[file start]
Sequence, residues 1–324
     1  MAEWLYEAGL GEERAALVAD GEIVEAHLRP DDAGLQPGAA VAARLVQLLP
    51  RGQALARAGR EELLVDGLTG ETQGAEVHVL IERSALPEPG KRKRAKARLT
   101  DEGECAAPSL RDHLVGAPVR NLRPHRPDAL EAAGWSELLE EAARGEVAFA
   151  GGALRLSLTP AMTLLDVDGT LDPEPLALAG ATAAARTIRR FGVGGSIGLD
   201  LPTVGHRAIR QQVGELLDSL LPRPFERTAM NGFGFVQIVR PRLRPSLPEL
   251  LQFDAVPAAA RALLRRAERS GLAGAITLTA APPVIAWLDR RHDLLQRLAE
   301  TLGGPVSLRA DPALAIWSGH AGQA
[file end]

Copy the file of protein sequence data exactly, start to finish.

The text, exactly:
Sequence, residues 1–324
     1  MAEWLYEAGL GEERAALVAD GEIVEAHLRP DDAGLQPGAA VAARLVQLLP
    51  RGQALARAGR EELLVDGLTG ETQGAEVHVL IERSALPEPG KRKRAKARLT
   101  DEGECAAPSL RDHLVGAPVR NLRPHRPDAL EAAGWSELLE EAARGEVAFA
   151  GGALRLSLTP AMTLLDVDGT LDPEPLALAG ATAAARTIRR FGVGGSIGLD
   201  LPTVGHRAIR QQVGELLDSL LPRPFERTAM NGFGFVQIVR PRLRPSLPEL
   251  LQFDAVPAAA RALLRRAERS GLAGAITLTA APPVIAWLDR RHDLLQRLAE
   301  TLGGPVSLRA DPALAIWSGH AGQA